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Subject: Re: [boost] NuDB: A fast key/value insert-only database for SSD drives in C++11
From: Lee Clagett (forum_at_[hidden])
Date: 2017-03-28 12:45:04

On Sun, 26 Mar 2017 23:07:14 +0100
Niall Douglas via Boost <boost_at_[hidden]> wrote:
> > You snipped my suggestion after this for swapping the order of the
> > header write, which assumed/implied `_POSIX_SYNCHRONIZED_IO` due to
> > the reasons you established previously. The only caveat you gave
> > earlier was that Linux did not implement this properly for the
> > metadata flushing on some of its file systems. Which means the log
> > file could be "empty" after a restart in the current
> > implementation, even if both fsync checkpoints completed.
> The reason I snipped it was because the original algorithm is broken,
> and so is yours. You are not conceptualising the problem correctly:
> consider storage after sudden power loss to be exactly the same as a
> malicious attacker on the internet capable of manipulating bits on
> storage to any value in order to cause misoperation. That includes
> making use of collisions in weak hashes to direct your power loss
> recovery implementation to sabotage and destroy additional data after
> the power loss.

I do understand the problem - I stated 3 times in this thread that even
writing the small header to a single sector could still be problematic.
My suggestions were primarily trying to tweak the existing design to
improve durability with minimal impact. If I convinced Vinnie (and
perhaps even myself) that writing the log header after its contents
could reduce the probability of an undetected incomplete write, the next
obvious suggestion was to append a cryptographic hash of the header(s).
The buckets in the log would then be valid if fsync blocking until
metadata + data completion can be assumed. Even if the hardware lies
about immediately writing to the physical medium, it should still be
reducing the time window where data loss can occur. Hashing over the
entire log file would be a more portable/optimal solution, but adds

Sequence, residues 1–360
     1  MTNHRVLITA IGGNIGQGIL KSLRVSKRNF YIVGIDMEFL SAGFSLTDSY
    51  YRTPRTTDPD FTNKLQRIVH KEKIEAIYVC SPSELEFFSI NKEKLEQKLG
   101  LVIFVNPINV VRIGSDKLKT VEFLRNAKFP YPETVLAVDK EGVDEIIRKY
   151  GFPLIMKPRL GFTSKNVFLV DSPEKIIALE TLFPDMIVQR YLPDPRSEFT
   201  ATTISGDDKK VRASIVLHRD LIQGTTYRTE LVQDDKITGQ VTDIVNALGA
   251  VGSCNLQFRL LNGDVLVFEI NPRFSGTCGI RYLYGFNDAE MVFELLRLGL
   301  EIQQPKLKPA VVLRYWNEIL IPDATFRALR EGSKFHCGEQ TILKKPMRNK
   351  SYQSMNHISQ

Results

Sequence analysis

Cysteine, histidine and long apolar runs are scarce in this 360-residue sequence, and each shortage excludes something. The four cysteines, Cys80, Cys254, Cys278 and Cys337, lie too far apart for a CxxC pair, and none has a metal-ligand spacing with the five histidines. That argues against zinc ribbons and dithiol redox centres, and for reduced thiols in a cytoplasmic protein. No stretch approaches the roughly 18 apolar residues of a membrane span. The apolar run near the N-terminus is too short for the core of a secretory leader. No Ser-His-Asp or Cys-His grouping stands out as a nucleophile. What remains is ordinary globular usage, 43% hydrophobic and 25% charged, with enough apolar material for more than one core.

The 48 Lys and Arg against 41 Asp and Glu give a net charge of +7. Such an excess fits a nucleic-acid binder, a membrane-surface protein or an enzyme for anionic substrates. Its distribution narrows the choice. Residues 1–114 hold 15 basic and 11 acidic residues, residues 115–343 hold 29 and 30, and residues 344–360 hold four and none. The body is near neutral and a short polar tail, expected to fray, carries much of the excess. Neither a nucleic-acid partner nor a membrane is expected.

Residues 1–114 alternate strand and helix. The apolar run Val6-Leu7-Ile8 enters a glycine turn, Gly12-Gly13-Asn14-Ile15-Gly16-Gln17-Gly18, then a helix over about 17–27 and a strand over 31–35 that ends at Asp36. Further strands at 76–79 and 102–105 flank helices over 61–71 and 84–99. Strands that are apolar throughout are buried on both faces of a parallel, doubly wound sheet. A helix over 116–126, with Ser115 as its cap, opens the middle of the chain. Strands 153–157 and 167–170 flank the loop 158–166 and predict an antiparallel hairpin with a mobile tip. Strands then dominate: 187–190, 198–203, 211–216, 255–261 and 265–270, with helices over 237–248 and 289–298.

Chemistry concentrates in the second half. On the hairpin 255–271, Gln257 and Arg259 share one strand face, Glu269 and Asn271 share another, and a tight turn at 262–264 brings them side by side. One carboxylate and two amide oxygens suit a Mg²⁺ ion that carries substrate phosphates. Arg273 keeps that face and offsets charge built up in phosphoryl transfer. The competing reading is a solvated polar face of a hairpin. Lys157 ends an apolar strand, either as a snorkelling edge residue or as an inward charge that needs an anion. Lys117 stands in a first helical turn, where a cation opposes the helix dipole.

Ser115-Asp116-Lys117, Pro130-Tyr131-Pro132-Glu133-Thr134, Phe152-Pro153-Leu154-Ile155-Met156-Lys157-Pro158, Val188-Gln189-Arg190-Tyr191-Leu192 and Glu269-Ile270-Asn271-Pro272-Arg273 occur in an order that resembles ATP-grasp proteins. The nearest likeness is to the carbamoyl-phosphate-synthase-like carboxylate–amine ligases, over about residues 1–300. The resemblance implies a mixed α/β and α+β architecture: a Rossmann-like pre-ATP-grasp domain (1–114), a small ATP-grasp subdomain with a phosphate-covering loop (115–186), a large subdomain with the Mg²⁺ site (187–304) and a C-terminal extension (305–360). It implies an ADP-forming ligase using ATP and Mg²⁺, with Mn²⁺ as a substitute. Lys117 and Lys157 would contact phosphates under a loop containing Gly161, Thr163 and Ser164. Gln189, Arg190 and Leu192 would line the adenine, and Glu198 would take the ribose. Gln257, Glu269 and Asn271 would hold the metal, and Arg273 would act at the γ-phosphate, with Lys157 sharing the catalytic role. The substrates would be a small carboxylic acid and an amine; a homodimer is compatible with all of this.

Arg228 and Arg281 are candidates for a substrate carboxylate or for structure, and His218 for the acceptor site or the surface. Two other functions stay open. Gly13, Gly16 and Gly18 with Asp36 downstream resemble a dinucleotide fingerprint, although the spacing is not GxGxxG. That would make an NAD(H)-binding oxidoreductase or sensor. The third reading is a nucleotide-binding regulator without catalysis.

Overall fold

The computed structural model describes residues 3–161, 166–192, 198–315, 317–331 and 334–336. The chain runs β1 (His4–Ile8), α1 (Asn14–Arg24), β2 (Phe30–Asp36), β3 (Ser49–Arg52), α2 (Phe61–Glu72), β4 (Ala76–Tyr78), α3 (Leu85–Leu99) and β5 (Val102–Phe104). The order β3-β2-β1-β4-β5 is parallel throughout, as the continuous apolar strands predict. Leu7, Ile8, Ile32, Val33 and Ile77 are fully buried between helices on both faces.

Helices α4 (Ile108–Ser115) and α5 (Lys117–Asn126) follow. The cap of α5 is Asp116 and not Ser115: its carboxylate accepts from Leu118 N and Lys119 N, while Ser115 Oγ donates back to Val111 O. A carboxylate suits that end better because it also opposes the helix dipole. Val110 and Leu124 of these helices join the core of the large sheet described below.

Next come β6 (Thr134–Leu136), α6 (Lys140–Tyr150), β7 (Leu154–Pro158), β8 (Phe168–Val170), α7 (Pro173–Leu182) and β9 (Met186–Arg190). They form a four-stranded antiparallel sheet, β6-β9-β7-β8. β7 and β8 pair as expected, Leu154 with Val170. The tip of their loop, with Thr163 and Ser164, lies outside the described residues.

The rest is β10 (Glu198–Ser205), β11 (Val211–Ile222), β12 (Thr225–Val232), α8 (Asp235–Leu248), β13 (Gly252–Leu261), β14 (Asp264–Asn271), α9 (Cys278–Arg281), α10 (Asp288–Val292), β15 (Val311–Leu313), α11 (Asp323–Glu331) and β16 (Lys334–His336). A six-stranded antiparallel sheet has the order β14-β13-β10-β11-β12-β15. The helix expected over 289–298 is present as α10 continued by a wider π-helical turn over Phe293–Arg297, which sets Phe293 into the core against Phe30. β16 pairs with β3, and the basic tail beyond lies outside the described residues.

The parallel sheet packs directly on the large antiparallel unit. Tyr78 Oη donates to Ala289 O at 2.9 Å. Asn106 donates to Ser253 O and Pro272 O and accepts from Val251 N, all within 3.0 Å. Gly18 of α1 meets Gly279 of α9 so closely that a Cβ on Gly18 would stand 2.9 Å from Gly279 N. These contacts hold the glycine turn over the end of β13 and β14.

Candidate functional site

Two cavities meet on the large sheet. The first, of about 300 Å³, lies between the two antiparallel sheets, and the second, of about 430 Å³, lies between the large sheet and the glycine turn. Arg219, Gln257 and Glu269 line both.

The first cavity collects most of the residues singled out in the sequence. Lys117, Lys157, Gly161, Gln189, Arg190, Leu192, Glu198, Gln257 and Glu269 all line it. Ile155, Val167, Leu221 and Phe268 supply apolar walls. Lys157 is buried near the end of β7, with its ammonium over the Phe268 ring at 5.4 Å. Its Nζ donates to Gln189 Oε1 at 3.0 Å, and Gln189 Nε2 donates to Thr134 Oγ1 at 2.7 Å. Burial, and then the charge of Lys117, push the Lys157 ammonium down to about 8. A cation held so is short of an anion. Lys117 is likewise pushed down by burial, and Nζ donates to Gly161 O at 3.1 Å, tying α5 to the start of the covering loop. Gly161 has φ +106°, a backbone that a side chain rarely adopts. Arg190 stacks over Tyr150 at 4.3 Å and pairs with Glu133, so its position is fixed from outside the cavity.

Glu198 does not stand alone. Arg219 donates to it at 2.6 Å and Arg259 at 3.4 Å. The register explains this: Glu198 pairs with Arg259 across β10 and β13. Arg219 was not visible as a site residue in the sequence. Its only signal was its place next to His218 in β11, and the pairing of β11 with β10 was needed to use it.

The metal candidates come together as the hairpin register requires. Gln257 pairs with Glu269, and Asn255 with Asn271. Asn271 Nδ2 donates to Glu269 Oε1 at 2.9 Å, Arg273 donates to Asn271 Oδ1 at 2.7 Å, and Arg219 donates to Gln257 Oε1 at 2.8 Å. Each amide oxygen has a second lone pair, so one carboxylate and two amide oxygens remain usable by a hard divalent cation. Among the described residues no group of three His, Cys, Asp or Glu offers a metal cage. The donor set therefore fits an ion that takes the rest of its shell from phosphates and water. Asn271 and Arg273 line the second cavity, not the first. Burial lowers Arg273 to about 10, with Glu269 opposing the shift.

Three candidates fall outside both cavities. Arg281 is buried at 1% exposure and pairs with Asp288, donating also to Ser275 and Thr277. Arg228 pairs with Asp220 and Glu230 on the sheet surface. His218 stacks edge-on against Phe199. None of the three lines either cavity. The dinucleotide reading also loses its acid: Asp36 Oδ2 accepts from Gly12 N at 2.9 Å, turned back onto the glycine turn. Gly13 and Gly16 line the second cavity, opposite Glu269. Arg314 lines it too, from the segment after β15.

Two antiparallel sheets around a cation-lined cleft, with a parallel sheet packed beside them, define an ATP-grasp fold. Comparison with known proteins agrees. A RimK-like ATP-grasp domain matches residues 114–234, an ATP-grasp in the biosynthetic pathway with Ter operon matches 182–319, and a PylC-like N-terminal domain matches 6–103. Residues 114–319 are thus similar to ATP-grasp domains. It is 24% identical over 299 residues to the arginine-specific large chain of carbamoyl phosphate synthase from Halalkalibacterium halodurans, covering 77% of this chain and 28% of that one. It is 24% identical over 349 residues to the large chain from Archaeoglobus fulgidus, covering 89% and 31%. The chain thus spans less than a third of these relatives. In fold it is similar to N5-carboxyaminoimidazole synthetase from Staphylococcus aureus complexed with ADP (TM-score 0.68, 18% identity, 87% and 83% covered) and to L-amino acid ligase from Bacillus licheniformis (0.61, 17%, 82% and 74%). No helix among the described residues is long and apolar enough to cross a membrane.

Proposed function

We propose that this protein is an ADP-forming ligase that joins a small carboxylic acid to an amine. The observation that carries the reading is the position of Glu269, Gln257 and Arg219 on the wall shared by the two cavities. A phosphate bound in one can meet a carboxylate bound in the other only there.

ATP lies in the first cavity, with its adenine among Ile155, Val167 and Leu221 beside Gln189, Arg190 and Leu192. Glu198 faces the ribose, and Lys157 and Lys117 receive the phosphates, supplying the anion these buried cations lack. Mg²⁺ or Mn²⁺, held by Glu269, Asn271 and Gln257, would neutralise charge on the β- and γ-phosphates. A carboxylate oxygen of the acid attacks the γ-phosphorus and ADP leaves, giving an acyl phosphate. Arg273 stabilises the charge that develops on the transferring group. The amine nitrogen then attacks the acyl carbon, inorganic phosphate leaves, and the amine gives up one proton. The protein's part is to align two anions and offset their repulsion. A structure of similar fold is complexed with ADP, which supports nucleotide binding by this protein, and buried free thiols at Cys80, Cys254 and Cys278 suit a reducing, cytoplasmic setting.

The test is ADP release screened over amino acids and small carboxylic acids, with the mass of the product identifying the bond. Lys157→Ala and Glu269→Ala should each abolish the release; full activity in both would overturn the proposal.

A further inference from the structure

_more_ CPU time and would deviate from the current implementation a bit

I think there is a point where handling difficult filesystems and
hardware is out of scope for this library. If the library cannot assume
that a returned fsync call means the hardware "stored" the data
+ metadata, it could make the implementation more complex/costly.
Checking for `_POSIX_SYNCHRONIZED_IO` and calling an OSX `fnctl`
instead of `fsync` is probably the limit of actions a library like NuDB
should take.

NuDB already has a file concept that needs documenting and formalizing
before any potential boost review. These harder edge cases could be
provided by an implementation of this concept instead of NuDB directly.
If the highly durable implementation required a noticeable amount of
CPU cycles, existing and new users of the library could remain on the
potentially less durable and faster direct platform versions that
"steals" less CPU cycles from their system.

> >> You can never assume writes to one inode will reach storage before
> >> another in portable code. You can only assume in portable code that
> >> writes to the same inode via the same fd will reach storage in the
> >> order issued.
> >
> > You chopped my response here too, and I think this was in response
> > to the COW + inode suggestion. If the design knew COW was available
> > for the filesystem in use, couldn't it also know whether data +
> > metadata is synchronized as expected? The suggestion clearly was
> > not portable anyway.
> COW filing systems generally offer much stronger guarantees than
> non-COW filing systems. You are correct that if you are operating on
> one of those, you can skip a ton of work to implement durability.
> This is why AFIO v2 has "storage profiles" where ZFS, ReFS and BtrFS
> are all top of tree in terms of disabling work done by AFIO and its
> clients. FAT32, meanwhile, sits at the very bottom.

Getting the NuDB file concept to work with AFIOv2 seems like it could
be very useful then. Does v2 have a method for specifying dependency
order on writes (I couldn't find any)? I thought v1 had this feature -
does v2 drop it?


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